Ilnur Zakarin will lead Katusha-Alpecin at the Vuelta a España, which gets underway in Nimes on Saturday. He impressed en route to finishing fifth overall at the Giro d'Italia in May and he will aim to better that result on his Vuelta debut.
Rein Taaramae will offer Zakarin robust support in the high mountains, while Maxim Belkov and Alberto Losada are also on hand.
Sven Erik Bystrom, Marco Haller and Michael Mørkøv will be expected to be to the fore on the flat stages, though there is no place for European champion Alexander Kristoff, who leaves for UAE-Emirates at the end of the season. The Katusha line-up for the Vuelta is completed by José Gonçalves and Matvey Mamykin.
Tour de France winner Chris Froome (Team Sky) lines out as favourite for the Vuelta and will renew acquaintances with July rivals Alberto Contador (Trek-Segafredo), Romain Bardet (AG2R La Mondiale) and Fabio Aru (Astana).
Zakarin, meanwhile, is among the small group of contenders to have eschewed the Tour and prepared specifically for the Vuelta. Zakarin won the Russian time trial title in late June on his return to racing after the Giro, and he continued his Vuelta build-up by riding the Tour of Austria in July and the recent Tour de Pologne, where he placed 11th overall.
Katusha-Alpecin for the Vuelta a España: Ilnur Zakarin, Rein Taaramae, Maxim Belkov, Alberto Losada, Sven Erik Bystrom, Marco Haller, Michael Mørkøv, José Gonçalves and Matvey Mamykin.
Bewley renews with Orica-Scott
Sam Bewley will remain with Orica-Scott in 2018 after agreeing a contract extension with the squad. The New Zealander joined the GreenEdge project midway through its inaugural season in 2012 and has remained a part of the roster ever since.
"It means a lot to continue with this team as it continues to grow into a real force across the board now. I have been with the team since 2012 and I have grown along with this whole organisation," Bewley said. "To remain with Orica-Scott and be a part of the momentum we have is something special."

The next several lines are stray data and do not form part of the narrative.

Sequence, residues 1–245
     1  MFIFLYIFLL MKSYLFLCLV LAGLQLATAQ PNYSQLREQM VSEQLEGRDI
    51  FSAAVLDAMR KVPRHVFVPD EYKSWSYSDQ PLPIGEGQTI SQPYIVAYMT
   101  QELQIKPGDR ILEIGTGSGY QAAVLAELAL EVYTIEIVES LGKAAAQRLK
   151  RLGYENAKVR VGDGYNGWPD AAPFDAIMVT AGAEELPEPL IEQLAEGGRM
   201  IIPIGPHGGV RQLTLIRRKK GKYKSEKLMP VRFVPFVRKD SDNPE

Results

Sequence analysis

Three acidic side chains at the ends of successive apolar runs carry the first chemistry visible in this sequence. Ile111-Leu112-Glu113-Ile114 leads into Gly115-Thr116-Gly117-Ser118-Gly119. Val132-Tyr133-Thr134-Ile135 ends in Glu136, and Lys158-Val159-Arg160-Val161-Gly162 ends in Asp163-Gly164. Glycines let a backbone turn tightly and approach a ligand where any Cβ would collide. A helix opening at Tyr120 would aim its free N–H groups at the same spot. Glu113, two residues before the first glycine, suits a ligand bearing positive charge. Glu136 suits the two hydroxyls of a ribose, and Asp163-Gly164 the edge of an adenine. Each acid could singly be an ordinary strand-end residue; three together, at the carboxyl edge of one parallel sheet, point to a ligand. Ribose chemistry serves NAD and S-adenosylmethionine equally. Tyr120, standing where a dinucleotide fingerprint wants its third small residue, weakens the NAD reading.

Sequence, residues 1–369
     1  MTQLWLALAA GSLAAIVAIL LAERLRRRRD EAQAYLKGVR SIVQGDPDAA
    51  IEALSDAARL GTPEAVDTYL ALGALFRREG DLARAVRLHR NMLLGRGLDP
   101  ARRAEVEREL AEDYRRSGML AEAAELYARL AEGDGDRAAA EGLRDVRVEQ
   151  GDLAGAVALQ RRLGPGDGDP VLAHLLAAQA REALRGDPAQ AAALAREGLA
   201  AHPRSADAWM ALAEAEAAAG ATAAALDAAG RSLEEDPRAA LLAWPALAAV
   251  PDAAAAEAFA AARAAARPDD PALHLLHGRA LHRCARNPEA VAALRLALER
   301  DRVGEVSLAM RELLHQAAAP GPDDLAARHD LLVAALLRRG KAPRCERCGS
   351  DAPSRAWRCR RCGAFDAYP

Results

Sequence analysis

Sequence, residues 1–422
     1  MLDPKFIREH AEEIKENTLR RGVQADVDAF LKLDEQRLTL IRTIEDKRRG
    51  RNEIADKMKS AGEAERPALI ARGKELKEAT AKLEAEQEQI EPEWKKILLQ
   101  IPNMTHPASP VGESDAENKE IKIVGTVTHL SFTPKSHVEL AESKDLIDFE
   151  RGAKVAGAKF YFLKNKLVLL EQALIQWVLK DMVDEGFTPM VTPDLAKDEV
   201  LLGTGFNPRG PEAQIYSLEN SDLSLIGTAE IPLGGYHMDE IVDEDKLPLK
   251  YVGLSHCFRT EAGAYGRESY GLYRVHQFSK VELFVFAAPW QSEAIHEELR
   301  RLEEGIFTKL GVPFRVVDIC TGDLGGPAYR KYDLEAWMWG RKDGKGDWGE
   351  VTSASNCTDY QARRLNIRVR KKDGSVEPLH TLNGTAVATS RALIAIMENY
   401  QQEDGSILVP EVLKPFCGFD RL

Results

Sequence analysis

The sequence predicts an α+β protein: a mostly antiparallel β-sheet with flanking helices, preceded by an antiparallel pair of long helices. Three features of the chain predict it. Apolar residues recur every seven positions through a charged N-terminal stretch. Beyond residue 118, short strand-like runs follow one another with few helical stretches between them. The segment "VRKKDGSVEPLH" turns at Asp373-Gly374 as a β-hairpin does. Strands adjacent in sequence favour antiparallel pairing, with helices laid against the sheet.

A strong rouleur, Bewley was part of the Orica team that won the opening day time trial at the 2015 Giro d'Italia. The 30-year-old will look to marshal his leaders Esteban Chaves, Adam Yates and Simon Yates on the flatter stages of the forthcoming Vuelta a España. The team's triumvirate of young leaders means that it carries a threat in each Grand Tour on the calendar.
"I want to continue to be get better and better in the role I have grown into so I can play an important part in the results this team will achieve in the future," Bewley said. "I want to be part of our first Grand Tour victory, and hopefully more after that."
Twice a bronze medallist in the team pursuit at the Olympic Games, Bewley had a fine track career before devoting himself fully to the road. Directeur sportif Matt White welcomed the extension of his stay at Orica-Scott.
"We have had Sam since the start and we continue to see his commitment to the team's goals," White said. "Everyone needs workers and Sam is a guy that gets in, gets his hands dirty and lays it on the line when it's required."
Riblon looking for new team
The 36-year-old Riblon turned professional with AG2R La Mondiale in 2005 and has spent his entire professional career with the team. Riblon was selected for the Tour each year from 2008 to 2015. He won mountain stages at Ax 3 Domaines in 2010 and l'Alpe d'Huez in 2013, when he was also elected the most combative rider of the Tour.
"In May and June, I had my best power values in five years. sure, it was at the Four Days of Dunkirk and the Boucles de la Mayenne rather than in WorldTour races, but the numbers don't lie," Riblon told L'Équipe. "I thought that would revive interest. I'm still convinced that I can be very good, that I can still be of use."
Although Riblon is still looking for a contract for 2018, he said that he had withdrawn himself from consideration for the Vuelta a España given the high ambitions of a team built around Romain Bardet.
"I'm conscious that my training in July wasn't serious enough to perform strongly at the end of the season," admitted Riblon, who lines out at this week's Tour du Limousin. "Honestly, I don't feel any rancour. Vincent [Lavenu] allowed me to turn professional and he believed in me even though I was already 24 years old by then."
If Riblon fails to find a new team for 2018, he already has an alternative career in mind. "I'd like to become a volunteer fireman. I'm overage for the exam, but there's a derogation for high-level sportsmen. Since I was 15 years old, I've wanted to do that."
Romain Hardy extends at Fortuneo
The Frenchman turned pro with the Breton outfit in 2012 but then spent four years at Cofidis before returning this season. He hasn't tasted victory since his first stint at the team, but this season was second behind Fabio Felline at Trofeo Laigueglia, 15th overall at Paris-Nice, and 26th overall on his Tour de France debut.
The Fortuneo team has already made big signings this transfer window in the shape of Warren Barguil from Sunweb and Amael Moinard from BMC, with Eduardo Sepulveda departing for Movistar.
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